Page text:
We therefore conducted a retrospective cohort study of pediatric patients admitted with acute HSP disease manifestations to 36 children’s hospitals throughout the United States to determine the current patterns of medication and evaluation for this disease, to assess the amount of variation across the hospitals overall, and to differentiate the variation that can be ascribed to differences among patients versus that due to other factors such as admitting hospital.


This study was approved and reviewed by The Children’s Hospital of Philadelphia Committee for the Protection of Human Subjects and institutional review board. This retrospective cohort study utilized the Pediatric Health Information System (PHIS) administrative database to assess between-hospital variation in inpatient therapy and evaluation of hospitalized children. The cohort consisted of patients with a discharge diagnosis International Classification of Diseases-9-Clinical Modification (ICD-9-CM) code of 287.0, indicating “Henoch Schönlein purpura.”

PHIS is an administrative database that contains comprehensive inpatient data from pediatric hospitals from all regions of the United States. Participating hospitals are affiliated with the Child Health Corporation of America (Shawnee Mission, KS), a business alliance of children’s hospitals. The data warehouse contains two types of data. Level 1 data contain encrypted patient identifiers, demographics, dates of admission and discharge, and ICD-9-CM primary diagnosis and procedure codes. Level 2 data contain detailed information about the patient encounter including all ICD-9-CM diagnosis and procedure codes and specific financial and utilization data, including pharmacy, supply, laboratory, imaging, and clinical services. Data are de-identified and subjected to rigorous reliability and validity checks prior to inclusion in the database. Data that do not meet an established error threshold are rejected and must be corrected before resubmission.3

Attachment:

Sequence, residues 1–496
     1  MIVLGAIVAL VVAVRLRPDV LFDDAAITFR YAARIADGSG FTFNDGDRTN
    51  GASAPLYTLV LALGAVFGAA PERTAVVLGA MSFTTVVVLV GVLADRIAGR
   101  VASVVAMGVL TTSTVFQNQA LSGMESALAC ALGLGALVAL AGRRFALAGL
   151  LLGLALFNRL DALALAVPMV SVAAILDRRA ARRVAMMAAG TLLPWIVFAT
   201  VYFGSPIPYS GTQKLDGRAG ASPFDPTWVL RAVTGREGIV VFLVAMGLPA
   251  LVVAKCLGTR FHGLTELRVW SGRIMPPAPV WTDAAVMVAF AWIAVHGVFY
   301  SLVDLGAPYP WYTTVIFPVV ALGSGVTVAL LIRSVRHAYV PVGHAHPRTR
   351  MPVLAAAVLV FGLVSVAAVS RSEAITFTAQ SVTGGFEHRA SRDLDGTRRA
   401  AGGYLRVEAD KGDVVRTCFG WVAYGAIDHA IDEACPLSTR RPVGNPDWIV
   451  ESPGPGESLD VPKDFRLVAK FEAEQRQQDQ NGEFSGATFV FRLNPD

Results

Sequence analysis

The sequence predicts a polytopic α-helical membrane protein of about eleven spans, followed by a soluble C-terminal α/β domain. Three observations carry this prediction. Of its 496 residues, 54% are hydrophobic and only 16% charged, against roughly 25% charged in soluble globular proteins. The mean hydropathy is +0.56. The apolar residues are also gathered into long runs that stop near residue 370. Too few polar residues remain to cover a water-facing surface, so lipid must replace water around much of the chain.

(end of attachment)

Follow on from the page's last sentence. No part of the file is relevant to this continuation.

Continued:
Forty-one hospitals contributed to the PHIS database between January 1, 2000 and December 31, 2007. Three hospitals were excluded from this analysis because they did not provide any level 2 entry data during the study interval. Sixty-two hospital-years of data were excluded secondary to data quality issues. A total of 36 hospitals and 233 hospital-years of data remained for the analysis.

The source population for the study was children younger than 18 years of age with discharge dates between 1 January 2000 and 31 December 2007 (N=3,275,947). Inclusion criteria were an ICD-9-CM diagnosis indicating a diagnosis of “HSP” (code 287.0) and discharge from a hospital contributing level 2 data (N=3,522). To ensure that the cohort represented likely incident cases of HSP, subjects with an HSP admission in the six months prior to the study period were excluded. Subjects with a discharge diagnosis of another rheumatic condition such as Wegener’s granulomatosis, systemic lupus erythematosus, juvenile dermatomyositis, or polyarteritis nodosa, were excluded. Subjects with a missing admission diagnosis were excluded (N=286). If subjects had more than one admission during the study period, only the index admission was included. After inclusion and exclusion criteria were satisfied 2,407 hospitalization and 1,988 subjects remained for analysis. Age, sex, race, and Medicaid status were available on all subjects and included in the final analysis model. Race was coded as a dichotomous variable (Caucasian versus non-Caucasian).